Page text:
# Is a map with invertible differential that maps boundary to boundary a local diffeomorphism?

Let $M,N$ be smooth manifolds with boundary (of the same dimension). Let $f:M \to N$ be a smooth map satisfying

$(1) \, \,f(\partial M)=\partial N,f(\operatorname{Int} M)=\operatorname{Int} N$.

$(2) \, \, df_p$ is invertible for every $p \in M$.

Is it true that $f$ is a local homeomorphism?

I suspect $f$ must in fact be a local diffeomorphism**:

It is certainly a local diffeomorphism around each point in $\operatorname{Int} M$ (By the inverse function theorem).

The question is what happens at the boundary $\partial M$:

Clearly $f|_{\partial M}:\partial M \to \partial N$ is a local diffeomorphism (again by the inverse function for manifolds without boundary).

However, this does not immediately imply that $f$ (when considered as a map $M \to N$) is a local diffeomorphism.

** To say that $f\colon M\to N$ is a local diffeomorphism means that each point of $M$ has an open neighborhood $U$ such that $f(U)$ is open in $N$ and $f|_U$ is a diffeomorphism from $U$ onto $f(U)$.

I think $f$ indeed must be a local diffeomorphism. Let $p \in \partial M$. By assumption $f(p) \in \partial N$.Since the question is local, we can assume $M=N=\mathbb{H}^n, p=f(p)=0 \in \partial\mathbb{H}^n$.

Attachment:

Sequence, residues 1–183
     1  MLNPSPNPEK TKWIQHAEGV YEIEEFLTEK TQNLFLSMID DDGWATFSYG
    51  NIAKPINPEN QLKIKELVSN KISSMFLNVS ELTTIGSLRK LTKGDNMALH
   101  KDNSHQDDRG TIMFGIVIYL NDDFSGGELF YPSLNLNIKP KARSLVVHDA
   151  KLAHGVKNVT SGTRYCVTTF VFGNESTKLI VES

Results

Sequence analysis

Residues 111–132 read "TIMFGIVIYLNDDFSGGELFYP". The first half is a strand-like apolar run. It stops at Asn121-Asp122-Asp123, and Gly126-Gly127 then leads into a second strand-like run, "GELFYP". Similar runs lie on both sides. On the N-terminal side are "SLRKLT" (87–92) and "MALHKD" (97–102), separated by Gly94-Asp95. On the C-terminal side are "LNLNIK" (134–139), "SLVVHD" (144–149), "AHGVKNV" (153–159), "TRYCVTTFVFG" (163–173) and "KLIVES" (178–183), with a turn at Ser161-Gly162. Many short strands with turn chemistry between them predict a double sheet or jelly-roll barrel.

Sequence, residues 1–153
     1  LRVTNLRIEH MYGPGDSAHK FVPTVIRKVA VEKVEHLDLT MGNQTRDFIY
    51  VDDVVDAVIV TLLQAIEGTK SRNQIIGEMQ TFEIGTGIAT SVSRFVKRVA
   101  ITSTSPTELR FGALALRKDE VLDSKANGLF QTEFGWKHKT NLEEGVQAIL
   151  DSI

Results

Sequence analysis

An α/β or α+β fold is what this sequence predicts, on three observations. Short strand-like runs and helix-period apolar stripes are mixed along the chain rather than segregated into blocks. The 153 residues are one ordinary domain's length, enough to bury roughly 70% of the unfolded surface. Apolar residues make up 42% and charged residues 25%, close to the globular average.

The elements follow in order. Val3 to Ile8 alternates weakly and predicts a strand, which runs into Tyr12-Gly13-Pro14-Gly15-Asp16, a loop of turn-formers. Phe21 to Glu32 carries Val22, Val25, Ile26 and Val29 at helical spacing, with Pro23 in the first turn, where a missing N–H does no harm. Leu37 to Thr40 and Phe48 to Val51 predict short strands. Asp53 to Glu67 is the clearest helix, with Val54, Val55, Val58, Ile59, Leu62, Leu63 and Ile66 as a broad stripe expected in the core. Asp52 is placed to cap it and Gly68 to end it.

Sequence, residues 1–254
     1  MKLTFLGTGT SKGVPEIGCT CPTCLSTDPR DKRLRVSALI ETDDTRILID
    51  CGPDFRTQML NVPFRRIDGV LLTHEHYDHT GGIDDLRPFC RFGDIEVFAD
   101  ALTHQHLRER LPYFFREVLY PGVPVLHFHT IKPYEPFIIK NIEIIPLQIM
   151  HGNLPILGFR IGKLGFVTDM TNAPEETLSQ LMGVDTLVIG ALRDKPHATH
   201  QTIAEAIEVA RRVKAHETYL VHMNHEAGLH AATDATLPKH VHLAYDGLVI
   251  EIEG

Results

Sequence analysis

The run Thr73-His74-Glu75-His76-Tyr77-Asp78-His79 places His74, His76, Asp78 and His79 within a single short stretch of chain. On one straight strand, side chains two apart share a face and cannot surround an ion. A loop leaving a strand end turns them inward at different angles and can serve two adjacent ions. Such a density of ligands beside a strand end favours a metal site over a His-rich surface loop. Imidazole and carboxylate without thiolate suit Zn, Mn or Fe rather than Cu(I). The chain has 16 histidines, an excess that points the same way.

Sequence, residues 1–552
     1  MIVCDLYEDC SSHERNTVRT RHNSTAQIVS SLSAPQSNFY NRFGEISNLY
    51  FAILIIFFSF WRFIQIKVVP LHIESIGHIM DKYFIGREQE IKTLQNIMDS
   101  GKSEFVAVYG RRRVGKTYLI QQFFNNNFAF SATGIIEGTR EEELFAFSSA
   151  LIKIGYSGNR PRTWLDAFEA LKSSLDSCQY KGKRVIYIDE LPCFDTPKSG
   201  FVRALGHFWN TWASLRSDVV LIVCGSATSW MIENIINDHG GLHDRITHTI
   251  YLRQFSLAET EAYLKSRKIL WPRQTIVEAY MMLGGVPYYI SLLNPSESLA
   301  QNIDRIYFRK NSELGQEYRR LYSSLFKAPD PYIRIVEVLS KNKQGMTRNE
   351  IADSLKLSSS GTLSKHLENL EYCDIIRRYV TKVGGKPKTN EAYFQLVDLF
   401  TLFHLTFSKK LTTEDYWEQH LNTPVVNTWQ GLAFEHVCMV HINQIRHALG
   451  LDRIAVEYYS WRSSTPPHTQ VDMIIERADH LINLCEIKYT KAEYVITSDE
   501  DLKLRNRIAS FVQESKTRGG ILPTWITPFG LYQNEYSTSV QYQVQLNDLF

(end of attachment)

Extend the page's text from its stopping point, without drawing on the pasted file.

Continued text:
Since $f:\mathbb{H}^n \to \mathbb{H}^n$ is smooth then by definition it is smooth as a map $\mathbb{H}^n \to \mathbb{R}^n$. Hence (again straight from the definition) there exist $r >0$ and a smooth function $\tilde f:B_r(p) \to \mathbb{R}^n$ (where $B_r(p) \subseteq \mathbb{R}^n$), such that $\tilde f|_{B_r(p) \cap \mathbb{H}^n}=f|_{B_r(p) \cap \mathbb{H}^n}$.
Since $df_p$ is invertible (by assumption), and $d\tilde f_p = df_p$, $d \tilde f_p$ is also invertible. Hence, by the inverse function theorem (for manifolds without boundary) $\tilde f$ is a local diffeomorphism in some neighbourhood of $p$. From here, it is easy to see $f$ is indeed a local diffeomorphism around $p$. ($f$ maps an open subset of $\mathbb{H}^n$ to an open subset of of $\mathbb{H}^n$, since $\tilde f$ does so, and they coincide on the intersection with $\mathbb{H}^n$. Also, when restricting to small enough neighbourhood of $p$, $f$ has a smooth inverse, which coincides with the inverse of $f$ when restricting the domain).